Cyber security – time to act

Recent high profile data breaches have ensured cyber security is again a hot topic of discussion. Despite the best efforts of organisations to secure their systems, criminals know the weakest point is typically the individuals using the system, not the system itself.

It is important to train every individual working within an organisation to recognise threats and understand how to reduce the risks of a serious breach. It’s not just company data and money that is at risk; reputational damage is at risk too.

It’s time the focus switched to practical advice, rather than just news of more impending problems.

At Quiss, we deliver advice and training to staff at many organisations to help cut the risks, with best cyber security working practices including but not limited to these helpful hints:

PC & Laptop Security

  • Lock your PC when you leave your desk.
  • Do not store private/sensitive information on your desktop or in unsecured local folders.
  • If you receive an anti-virus alert, immediately report it to the helpdesk.
  • Do not install any software/apps that have not been specifically authorised.
  • Read any on screen alerts and understand them. Don’t just click on them to get rid of them!
  • Shut down your PC at the end of the day (to ensure updates are automatically installed).

Mobile Devices

  • Lock mobile devices with a password or Personal Identification Number (PIN).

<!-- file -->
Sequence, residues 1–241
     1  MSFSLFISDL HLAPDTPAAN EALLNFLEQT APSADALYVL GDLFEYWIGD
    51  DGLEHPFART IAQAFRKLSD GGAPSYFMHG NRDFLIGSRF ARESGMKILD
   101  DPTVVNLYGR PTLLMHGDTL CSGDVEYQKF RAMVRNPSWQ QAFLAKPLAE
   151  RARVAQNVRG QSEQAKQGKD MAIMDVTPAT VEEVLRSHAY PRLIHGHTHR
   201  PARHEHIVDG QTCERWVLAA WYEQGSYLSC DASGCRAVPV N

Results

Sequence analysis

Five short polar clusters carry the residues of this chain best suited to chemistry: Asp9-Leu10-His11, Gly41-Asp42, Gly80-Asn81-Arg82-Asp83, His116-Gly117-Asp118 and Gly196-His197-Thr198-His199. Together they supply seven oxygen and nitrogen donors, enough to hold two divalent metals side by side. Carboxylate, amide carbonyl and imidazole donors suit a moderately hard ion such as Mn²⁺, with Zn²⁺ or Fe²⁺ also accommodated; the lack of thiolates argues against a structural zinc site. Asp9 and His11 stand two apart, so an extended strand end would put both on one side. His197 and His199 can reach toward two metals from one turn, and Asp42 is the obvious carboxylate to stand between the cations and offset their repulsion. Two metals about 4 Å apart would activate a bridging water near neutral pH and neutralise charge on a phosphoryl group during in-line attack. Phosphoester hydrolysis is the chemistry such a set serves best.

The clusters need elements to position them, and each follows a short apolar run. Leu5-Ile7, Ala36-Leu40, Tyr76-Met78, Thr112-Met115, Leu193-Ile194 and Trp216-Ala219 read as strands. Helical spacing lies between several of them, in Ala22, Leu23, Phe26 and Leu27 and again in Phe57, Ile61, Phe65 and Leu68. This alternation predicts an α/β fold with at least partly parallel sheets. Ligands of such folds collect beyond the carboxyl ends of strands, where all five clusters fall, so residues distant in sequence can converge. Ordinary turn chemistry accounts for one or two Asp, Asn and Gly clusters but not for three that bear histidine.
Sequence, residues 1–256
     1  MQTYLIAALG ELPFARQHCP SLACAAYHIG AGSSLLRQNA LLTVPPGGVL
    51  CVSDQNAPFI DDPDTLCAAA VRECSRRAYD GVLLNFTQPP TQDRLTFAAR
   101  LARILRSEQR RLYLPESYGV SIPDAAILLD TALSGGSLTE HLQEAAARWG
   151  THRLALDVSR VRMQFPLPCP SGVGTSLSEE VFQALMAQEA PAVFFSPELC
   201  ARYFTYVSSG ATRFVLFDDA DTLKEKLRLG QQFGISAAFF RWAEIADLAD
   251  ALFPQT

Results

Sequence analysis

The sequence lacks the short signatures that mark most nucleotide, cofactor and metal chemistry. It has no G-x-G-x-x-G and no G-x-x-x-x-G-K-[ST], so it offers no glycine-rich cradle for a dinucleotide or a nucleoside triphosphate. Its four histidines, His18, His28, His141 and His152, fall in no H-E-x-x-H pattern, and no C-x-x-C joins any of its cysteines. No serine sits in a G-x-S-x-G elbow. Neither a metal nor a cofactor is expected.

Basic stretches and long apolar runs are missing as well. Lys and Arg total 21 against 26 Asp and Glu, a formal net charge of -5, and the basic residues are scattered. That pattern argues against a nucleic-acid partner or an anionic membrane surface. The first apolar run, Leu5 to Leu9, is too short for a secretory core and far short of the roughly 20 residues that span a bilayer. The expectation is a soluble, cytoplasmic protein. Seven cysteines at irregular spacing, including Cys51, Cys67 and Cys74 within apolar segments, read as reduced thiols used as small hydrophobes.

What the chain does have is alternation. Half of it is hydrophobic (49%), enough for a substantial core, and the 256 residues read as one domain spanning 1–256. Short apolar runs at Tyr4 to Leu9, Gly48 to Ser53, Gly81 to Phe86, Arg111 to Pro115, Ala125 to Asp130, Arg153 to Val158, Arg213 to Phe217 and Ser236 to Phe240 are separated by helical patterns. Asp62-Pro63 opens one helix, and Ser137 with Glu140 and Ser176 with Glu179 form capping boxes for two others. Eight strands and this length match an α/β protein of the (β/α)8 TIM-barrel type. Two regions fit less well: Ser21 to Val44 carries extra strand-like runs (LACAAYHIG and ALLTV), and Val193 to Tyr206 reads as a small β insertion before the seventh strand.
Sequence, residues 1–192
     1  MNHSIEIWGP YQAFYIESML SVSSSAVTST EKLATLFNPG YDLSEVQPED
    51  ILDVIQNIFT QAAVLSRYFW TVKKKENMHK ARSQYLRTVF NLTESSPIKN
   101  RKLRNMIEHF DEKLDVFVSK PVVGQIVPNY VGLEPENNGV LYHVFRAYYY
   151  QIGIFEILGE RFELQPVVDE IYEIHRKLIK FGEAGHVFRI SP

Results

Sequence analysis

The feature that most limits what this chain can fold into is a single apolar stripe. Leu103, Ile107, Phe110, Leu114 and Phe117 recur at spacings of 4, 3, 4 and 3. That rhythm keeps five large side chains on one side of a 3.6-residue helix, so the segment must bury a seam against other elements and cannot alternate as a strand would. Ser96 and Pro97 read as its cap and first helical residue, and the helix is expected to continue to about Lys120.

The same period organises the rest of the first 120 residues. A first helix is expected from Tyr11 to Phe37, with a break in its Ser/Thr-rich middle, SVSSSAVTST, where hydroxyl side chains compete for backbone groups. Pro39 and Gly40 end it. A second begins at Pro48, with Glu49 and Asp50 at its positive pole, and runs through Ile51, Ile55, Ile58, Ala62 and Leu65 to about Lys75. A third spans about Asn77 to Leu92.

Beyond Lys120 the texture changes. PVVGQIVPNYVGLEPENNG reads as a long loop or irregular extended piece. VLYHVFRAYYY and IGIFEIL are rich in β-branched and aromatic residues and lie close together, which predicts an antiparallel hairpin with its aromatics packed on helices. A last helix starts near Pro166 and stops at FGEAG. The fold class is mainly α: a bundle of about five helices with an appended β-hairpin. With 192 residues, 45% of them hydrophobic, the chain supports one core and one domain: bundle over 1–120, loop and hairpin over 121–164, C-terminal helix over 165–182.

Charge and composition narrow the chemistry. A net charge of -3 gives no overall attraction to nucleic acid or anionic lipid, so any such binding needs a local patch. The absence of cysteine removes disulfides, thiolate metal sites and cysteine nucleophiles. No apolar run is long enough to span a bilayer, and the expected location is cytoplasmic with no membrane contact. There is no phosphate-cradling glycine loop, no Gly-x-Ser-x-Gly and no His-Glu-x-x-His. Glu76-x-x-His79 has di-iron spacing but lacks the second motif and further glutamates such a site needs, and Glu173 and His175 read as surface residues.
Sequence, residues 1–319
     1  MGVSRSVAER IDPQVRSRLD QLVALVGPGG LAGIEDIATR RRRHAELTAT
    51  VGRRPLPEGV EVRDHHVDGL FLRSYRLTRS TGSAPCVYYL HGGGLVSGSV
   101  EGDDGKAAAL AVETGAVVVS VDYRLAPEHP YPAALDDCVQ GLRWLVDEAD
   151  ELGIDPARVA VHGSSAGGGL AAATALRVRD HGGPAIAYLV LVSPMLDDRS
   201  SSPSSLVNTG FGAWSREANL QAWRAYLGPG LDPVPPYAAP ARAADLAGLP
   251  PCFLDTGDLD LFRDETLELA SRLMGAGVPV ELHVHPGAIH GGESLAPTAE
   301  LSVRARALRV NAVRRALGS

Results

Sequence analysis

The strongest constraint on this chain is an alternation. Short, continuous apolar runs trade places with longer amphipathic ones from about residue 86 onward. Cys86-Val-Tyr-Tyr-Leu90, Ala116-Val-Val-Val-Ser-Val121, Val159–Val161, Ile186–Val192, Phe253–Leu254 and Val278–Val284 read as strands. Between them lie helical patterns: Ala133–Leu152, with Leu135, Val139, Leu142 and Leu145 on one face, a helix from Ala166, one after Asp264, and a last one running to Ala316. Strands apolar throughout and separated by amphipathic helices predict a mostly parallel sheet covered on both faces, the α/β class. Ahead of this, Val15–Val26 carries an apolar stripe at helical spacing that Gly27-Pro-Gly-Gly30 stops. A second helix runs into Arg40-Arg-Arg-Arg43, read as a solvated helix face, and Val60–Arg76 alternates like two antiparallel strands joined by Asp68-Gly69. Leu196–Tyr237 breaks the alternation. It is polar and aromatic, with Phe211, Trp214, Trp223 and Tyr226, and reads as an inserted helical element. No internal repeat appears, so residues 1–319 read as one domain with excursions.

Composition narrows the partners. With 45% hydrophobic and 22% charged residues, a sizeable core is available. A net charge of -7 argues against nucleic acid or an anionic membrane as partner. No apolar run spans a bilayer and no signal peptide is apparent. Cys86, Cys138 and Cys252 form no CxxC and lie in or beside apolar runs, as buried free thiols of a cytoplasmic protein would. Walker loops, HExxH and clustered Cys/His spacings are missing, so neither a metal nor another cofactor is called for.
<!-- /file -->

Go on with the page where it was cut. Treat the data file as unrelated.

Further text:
• Turn off Wi-Fi and Bluetooth services when not in use.

Password Security

  • Learn how to create and remember strong passwords.
  • Never disclose your password (even to IT Support).
  • Change your password regularly.

E-mail Security

  • Look out for suspicious e-mails, e.g., address, content/wording, urgent requests, requests to follow links, unexpected attachments.
  • Beware Phishing/Spear Phishing e-mails e.g., unexpected request/information with familiar tone claiming personal knowledge.
  • Be aware the address could be fake, double check content/wording, urgent requests, requests to follow links, unexpected attachments.
  • Ensure you have appropriate e-mail security that’s current, patched and managed.

Using Wi-Fi – Best practices

    • When using public Wi-Fi ensure you log off any services you were signed into.
    • Tell your device to forget the network (to prevent future automatic connection).
    • Make sure you can identify the correct network.
    • Avoid conducting financial or corporate transactions on unsecure public networks.

Identify secure Wi-Fi connections

  • Is the network name correct?
  • Does it require a security code?
  • Is the security code individual to you?

Web Browsing

  • Identify secure web connections, check for https:// and a padlock in the browser.
  • Be aware of/look for any suspicious links.

Awareness of Social Engineering

  • Make sure your social networking profiles (e.g., Facebook, Twitter, YouTube, MSN, etc.) are set to private.
  • Be aware of what information you share online e.g., LinkedIn.
  • Be cautious when giving out personal information on the Internet.

Using Portable Media

  • Never plug an unknown USB drive into your PC/Laptop.
  • Do not plug your USB powered device into a public USB charging point.
  • Encrypt USB drives if possible.

This list is by no means exhaustive and only scratches the surface of the complex challenge cyber security poses for law firms in this always-on, digital world, where criminals are developing ever more sophisticated methods to steal.

We urge every law firm to provide regular cyber security training for everyone within their organisation, ideally as part of the induction process, as new starters are more vulnerable to attack in this way.

If in doubt, find out how Quiss can help.

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